The FBI and the Department of Justice have charged several alleged cyber criminals responsible for gaining control of over one million personal computers and using them for identity theft and mass distribution of spyware, officials announced Wednesday.
The suspects targeted victims' computers, known as "botnets," and operated them remotely by an outside "botherder" in order to steal personal information or distribute software, the FBI charges.
"An attacker gains control by infecting the computer with a virus or other malicious code and the computer continues to operate normally," FBI Cyber Division Assistant Director James Finch said in a statement. "The majority of victims are not even aware that their computer has been compromised or their personal information exploited."
FBI Cyber Division Deputy Assistant Director Shawn Henry declined to say how long the investigation has been going on, saying only that today's release is the result of an investigation that has been going on "for many months in many cities."
These subjects have been charged with, or arrested for botnet-related computer fraud and abuse:
The FBI is working with computer industry partners, including the Carnegie Mellon University's Computer Emergency Response Team, to notify botnet victims, but officials stress that they will not be able to contact everyone whose computer was affected.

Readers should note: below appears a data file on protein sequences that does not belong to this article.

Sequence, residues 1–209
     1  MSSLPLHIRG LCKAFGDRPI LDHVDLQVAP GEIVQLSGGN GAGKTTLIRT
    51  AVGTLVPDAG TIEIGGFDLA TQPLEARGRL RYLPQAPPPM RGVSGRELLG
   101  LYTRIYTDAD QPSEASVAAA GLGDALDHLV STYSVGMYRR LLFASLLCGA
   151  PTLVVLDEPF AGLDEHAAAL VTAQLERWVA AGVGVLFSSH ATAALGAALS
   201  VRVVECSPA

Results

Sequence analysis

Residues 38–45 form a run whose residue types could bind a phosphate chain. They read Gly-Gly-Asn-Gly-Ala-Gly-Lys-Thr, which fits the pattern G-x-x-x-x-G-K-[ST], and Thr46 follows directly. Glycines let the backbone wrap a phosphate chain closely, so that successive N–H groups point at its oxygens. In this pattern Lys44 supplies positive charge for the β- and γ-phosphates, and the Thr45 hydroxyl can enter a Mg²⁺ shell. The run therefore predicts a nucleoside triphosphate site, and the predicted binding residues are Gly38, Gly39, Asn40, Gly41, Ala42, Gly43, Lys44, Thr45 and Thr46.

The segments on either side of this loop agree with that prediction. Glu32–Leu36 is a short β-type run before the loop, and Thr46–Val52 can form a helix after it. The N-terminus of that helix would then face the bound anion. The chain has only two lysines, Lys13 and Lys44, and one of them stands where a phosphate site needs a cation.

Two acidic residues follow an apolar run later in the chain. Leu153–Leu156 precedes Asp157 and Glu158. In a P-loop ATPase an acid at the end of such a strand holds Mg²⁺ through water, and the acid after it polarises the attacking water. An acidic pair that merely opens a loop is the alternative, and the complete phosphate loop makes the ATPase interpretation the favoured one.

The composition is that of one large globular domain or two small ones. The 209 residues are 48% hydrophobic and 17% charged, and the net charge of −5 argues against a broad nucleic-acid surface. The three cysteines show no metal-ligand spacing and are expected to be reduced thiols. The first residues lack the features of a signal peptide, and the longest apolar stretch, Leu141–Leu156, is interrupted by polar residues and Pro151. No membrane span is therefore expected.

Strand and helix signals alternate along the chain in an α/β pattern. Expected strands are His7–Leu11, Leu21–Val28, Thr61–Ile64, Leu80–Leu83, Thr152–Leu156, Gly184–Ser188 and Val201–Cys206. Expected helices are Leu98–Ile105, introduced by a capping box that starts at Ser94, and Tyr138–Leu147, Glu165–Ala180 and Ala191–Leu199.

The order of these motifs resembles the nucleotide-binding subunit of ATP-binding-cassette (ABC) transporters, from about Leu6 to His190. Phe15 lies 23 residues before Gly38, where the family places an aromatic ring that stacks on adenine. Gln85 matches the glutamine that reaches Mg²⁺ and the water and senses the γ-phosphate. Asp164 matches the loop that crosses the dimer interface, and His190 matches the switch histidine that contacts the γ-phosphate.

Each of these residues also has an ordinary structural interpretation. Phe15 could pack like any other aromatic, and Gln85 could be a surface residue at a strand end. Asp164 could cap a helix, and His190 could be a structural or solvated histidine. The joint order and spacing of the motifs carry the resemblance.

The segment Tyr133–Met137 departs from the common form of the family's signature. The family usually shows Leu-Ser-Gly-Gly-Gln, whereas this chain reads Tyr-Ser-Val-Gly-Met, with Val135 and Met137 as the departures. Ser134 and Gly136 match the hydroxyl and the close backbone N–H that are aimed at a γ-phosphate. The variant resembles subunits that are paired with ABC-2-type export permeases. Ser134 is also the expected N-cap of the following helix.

"We have been identifying as many victims as possible, but we cannot identify all of them," Henry said, "People need to take specific action to remediate their computer from attacks otherwise their computers will remain in compromised positions."
In addition to installing security systems, the FBI encourages computer users to avoid botnets to us caution when giving out personal information online. The federal government and technology industry also provide online resources, such as onguardonline.gov, that offer computer security tips.
FBI officials stress that this is an ongoing investigation and that they will continue to try to raise public awareness about the dangers of not securing personal computers.
"This is not unlike when the police alert people of a problem in a neighborhood and residents are encouraged to lock doors and turn on the lights at night," Henry said, "People need to take specific action to protect themselves."